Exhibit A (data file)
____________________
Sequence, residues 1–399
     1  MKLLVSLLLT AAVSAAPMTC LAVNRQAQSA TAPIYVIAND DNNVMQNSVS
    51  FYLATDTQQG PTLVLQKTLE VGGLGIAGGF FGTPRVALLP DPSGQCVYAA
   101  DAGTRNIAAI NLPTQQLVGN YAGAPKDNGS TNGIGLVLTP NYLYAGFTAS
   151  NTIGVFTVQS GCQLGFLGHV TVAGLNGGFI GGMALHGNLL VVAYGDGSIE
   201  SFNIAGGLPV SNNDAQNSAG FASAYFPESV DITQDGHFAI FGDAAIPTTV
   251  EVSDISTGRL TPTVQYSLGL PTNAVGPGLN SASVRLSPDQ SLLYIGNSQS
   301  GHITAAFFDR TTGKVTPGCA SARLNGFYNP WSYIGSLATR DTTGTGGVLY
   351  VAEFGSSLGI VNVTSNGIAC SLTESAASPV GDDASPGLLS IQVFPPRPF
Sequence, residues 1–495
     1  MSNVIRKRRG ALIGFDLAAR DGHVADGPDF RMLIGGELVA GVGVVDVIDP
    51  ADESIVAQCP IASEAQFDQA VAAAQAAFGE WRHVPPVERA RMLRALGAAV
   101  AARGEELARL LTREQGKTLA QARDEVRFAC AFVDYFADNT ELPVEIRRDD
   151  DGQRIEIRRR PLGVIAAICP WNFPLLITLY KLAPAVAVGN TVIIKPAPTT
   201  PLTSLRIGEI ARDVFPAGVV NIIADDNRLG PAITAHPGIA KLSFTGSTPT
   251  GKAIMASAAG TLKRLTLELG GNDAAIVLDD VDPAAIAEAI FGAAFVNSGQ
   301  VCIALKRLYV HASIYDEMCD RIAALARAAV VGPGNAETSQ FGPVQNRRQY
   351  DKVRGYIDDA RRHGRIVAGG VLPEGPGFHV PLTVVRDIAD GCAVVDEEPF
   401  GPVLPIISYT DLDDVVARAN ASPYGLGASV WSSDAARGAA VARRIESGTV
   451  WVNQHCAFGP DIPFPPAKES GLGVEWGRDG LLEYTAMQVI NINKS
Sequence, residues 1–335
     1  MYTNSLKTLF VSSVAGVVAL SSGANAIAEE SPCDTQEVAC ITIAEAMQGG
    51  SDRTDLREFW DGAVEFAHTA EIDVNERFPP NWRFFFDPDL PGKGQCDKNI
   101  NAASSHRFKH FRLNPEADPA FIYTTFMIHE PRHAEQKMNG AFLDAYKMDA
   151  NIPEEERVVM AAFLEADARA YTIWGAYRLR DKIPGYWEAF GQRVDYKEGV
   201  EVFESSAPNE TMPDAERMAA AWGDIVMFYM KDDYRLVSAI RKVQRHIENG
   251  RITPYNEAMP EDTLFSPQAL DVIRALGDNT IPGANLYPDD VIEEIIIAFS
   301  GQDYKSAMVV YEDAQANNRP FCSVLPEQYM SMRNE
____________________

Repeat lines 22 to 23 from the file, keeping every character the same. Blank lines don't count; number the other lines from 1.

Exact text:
     1  MYTNSLKTLF VSSVAGVVAL SSGANAIAEE SPCDTQEVAC ITIAEAMQGG
    51  SDRTDLREFW DGAVEFAHTA EIDVNERFPP NWRFFFDPDL PGKGQCDKNI